A disabled pensioner in the United Kingdom, David West, was wrongly diagnosed with terminal liver cancer but was not permitted to have a biopsy done to confirm the diagnosis. Instead, he was provided with a form to fill that would allow him to claim disability and end-of-life benefits.

Feeling like he had nothing to lose, the 70-year-old travelled to the United States to get a second opinion. Doctors there told him that instead of cancer, he actually had a serious heart condition and would have to undergo urgent and complex surgery to have two heart valves replaced.

"If they had never made the mistake of misdiagnosing me then I would never have flown to the States for treatment and I wouldn't be in this situation,” said West.

The misdiagnosis left him with little choice

West's health first began deteriorating in 2012. He put on weight, became short of breath, suffered lower-body swelling and just "fell apart all of a sudden". He was diagnosed with terminal liver cancer at Salisbury District Hospital, Wiltshire in October 2012, and told that he has only weeks to live.

"Being diagnosed with cancer was a huge emotional challenge. When somebody looks you in the face and says, 'You are going to die' you feel bad about it. You think, 'Strewth, what am I going to do now?” he said.

Waiting times for the procedures he needed were between four and nine months in the NHS while American doctors informed him he was in too serious a condition to fly back and that it was too risky to wait that long for surgery.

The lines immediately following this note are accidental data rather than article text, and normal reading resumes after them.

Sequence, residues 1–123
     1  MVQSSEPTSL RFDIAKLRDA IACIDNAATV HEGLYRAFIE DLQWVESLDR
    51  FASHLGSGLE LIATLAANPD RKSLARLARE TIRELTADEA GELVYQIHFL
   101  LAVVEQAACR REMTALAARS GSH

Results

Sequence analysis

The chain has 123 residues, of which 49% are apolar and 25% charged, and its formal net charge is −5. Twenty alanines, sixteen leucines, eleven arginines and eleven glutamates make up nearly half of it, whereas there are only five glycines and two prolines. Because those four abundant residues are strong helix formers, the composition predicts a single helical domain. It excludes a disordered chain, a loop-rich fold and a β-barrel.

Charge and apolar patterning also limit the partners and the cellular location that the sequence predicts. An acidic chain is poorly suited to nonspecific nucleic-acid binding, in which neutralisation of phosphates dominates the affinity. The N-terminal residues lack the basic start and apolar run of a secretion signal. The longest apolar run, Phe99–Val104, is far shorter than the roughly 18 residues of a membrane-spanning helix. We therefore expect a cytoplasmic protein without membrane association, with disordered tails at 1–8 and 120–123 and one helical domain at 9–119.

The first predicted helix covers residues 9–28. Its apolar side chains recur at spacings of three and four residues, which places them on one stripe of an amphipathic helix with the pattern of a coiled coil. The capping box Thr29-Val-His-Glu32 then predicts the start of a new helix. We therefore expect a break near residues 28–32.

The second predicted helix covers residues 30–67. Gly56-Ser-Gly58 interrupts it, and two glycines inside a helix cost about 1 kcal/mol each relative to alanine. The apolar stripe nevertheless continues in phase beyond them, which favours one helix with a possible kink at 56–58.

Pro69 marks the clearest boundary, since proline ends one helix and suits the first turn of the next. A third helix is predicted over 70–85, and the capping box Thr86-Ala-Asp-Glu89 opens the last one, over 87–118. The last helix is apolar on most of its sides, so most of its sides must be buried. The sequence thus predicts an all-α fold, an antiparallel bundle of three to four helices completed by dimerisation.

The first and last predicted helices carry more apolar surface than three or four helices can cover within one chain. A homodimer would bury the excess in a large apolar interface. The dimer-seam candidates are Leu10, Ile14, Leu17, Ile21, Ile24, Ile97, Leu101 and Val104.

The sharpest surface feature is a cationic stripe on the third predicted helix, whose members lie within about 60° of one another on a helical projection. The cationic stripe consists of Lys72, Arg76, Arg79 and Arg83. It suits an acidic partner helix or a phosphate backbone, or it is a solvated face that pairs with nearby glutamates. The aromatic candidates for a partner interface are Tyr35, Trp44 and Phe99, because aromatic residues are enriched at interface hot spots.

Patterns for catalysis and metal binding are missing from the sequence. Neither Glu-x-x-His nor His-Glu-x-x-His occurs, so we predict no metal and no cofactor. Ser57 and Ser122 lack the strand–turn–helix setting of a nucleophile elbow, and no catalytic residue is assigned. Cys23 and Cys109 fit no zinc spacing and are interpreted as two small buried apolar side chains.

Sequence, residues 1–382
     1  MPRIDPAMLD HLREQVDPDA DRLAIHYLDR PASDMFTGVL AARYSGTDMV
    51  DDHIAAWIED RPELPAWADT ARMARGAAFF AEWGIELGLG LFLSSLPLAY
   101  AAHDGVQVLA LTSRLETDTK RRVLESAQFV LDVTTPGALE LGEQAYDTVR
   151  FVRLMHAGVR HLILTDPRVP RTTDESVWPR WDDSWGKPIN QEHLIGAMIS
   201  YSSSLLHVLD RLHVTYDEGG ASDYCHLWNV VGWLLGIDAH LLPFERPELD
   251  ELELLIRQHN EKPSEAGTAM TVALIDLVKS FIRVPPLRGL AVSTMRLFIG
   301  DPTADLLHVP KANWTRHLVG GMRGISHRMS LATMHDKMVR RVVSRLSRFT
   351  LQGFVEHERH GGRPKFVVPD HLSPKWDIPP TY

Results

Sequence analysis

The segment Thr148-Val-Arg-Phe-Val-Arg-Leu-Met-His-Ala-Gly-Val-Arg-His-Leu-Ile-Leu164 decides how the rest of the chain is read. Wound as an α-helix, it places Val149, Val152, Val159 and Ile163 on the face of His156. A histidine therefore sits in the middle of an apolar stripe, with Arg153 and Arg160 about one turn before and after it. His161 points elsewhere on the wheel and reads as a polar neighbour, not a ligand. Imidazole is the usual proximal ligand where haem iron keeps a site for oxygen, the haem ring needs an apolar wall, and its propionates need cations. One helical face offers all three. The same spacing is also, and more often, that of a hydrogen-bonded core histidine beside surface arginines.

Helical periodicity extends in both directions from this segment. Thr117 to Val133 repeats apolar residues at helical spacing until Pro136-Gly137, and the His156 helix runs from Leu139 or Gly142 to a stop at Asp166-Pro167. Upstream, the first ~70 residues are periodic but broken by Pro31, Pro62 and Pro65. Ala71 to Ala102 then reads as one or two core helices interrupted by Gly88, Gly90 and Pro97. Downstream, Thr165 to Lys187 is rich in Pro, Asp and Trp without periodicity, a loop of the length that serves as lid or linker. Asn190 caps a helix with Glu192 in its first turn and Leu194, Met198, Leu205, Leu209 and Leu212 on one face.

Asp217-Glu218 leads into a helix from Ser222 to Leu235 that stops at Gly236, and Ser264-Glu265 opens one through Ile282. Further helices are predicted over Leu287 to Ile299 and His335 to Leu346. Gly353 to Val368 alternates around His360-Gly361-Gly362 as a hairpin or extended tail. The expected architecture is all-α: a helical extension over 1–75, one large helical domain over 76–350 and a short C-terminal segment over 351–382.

The retired army engineer said, "I wrote my will four or five times and changed it and so when I got to America and they told me I wasn't going to die I felt quite happy about it.”

He ended up spending £250,000 on treatment and travel and stayed in San Francisco for almost three years before he was able to come home, due to post-operation complications and aftercare needs.

His trust in the medical system is now lost

"I felt angry that I had been misdiagnosed. Doctors are people I trusted implicitly and it completely shattered my faith in the NHS," West said. Salisbury NHS Foundation Trust has since apologised for its misdiagnosis.

A spokesman said, "We recognize that clinicians should avoid giving life expectancy estimates to patients where the diagnosis is not confirmed.”

“We are sorry for the anxiety that this has caused Mr. West and have ensured that lessons learned from this have been shared with our clinical teams," he added.

West, who is also an ex-NHS engineer, suffers from mobility problems and has been warned that bailiffs could be instructed to evict him if he does not settle the balance of £1,700 or vacate the property by 16 March 2017.

“I am totally disillusioned with the system,” he said.

Due to his extensive time abroad, all of his benefits were stopped and he risks losing the home he has rented for 14 years. Although he has been paid £30,000 in compensation by the NHS, he says it is barely enough to cover his legal fees. MIMS

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